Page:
Ohio connection: Resident
Poet, editor, educator, and literary critic John Crowe Ransom was the son of Methodist minister John James Ransom (also a noted scholar and linguist) and Sara Ella (neé Crowe) Ransom. Born April 30, 1888 in Pulaski, Tennessee, Ransom was educated at home until, in October 1898, he entered public school at age ten. The following September, he entered the Bowen School, a preparatory school in Nashville, where he completed demanding studies in classical languages, English, history, mathematics, and German.
After graduating from Bowen School at the head of his class in June 1903, Ransom entered Vanderbilt University at age fifteen. He studied there for two years and then left to teach at Taylorsville High School in Mississippi (1905-06). In 1907, Ransom returned to his studies in Greek, Latin, and philosophy at Vanderbilt and graduated at the top of his class June 19, 1909. After teaching school in Tennessee, Ransom was selected as a Rhodes Scholar and moved to England to attend Christ Church College, Oxford. There he completed coursework in the School of Literae Humaniores, receiving his M.A. degree in 1913. After teaching Latin in a private school in Connecticut for a year, he joined the faculty at Vanderbilt University as an instructor of English.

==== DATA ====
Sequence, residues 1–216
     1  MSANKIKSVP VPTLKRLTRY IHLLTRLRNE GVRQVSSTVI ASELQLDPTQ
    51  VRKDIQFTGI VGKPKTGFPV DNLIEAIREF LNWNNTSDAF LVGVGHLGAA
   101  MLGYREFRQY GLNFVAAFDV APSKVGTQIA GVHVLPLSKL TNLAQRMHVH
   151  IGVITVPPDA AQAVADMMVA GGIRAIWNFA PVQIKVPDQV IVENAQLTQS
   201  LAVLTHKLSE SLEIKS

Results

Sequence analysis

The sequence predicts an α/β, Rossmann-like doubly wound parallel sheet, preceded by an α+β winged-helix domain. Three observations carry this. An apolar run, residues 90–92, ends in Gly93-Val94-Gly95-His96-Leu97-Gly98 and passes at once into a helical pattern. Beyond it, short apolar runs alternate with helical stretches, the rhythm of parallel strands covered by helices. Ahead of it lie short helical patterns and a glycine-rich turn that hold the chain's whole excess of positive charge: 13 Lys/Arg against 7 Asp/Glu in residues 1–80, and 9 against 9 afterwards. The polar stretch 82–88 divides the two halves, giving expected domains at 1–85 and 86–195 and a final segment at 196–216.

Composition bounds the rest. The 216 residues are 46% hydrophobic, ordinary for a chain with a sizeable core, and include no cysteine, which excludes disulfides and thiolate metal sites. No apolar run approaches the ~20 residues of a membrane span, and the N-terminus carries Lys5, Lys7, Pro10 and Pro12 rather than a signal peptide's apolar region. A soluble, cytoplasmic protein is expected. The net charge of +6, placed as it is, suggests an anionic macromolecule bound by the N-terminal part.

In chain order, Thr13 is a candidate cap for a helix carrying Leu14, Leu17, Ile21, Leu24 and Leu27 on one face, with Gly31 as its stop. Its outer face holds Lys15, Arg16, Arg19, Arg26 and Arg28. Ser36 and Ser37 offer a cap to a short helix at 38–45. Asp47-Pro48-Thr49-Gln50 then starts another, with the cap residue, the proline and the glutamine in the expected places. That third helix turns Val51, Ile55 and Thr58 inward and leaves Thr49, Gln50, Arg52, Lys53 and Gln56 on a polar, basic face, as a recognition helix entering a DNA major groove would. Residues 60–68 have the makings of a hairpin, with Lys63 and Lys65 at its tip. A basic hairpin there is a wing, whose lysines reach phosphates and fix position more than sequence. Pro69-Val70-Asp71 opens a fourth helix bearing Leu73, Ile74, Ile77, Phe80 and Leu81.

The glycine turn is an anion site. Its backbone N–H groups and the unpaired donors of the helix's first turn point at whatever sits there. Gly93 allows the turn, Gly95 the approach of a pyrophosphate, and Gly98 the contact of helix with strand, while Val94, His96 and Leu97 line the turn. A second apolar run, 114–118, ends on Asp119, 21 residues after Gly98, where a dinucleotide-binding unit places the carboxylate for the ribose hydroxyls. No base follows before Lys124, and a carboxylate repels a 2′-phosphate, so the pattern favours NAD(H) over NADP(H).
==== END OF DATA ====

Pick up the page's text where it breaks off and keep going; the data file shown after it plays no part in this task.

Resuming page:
In 1920, Ransom married Robb Reavill and they had three children. Ransom rose through the academic ranks at Vanderbilt to become professor of English in 1927. He remained an English department faculty member at Vanderbilt until 1937 when he moved to Gambier, Ohio, to join the faculty at Kenyon College as Carnegie Professor of Poetry. It was a position Ransom held until his retirement in 1958, and he was professor emeritus of poetry until his death in 1974.
It was in 1915, while teaching at Vanderbilt, that Ransom began meeting with a small group of colleagues, students, and friends to read poems and discuss philosophy. In the fall of 1921, the group’s focus switched to poetry and criticism. Dismayed by the “moon-light-and-magnolia mystique of Southern literature,” they called themselves the Fugitives. Other founding members included Allen Tate, Donald Davidson, and Robert Penn Warren. Ransom at the time, was the only published poet among the group. His first poetry collection, Poems About God (1919), was published by Henry Holt and Company during his commission in the U.S. military (1917-1919). In March 1922, Sidney Mittron Hirsch, the group’s moderator, suggested that they start a literary magazine of their own. The Fugitive group wanted to elevate Southern writing—to show that writers of the American South could produce highly intellectual and carefully crafted literary art. The Fugitive, a poetry journal (1922-1925) helped illuminate that point. Although contributors to The Fugitive were mainly group members, after its fourth issue, upon solicitation, published the poems of Hart Crane, Robert Graves, Witter Bynner and others.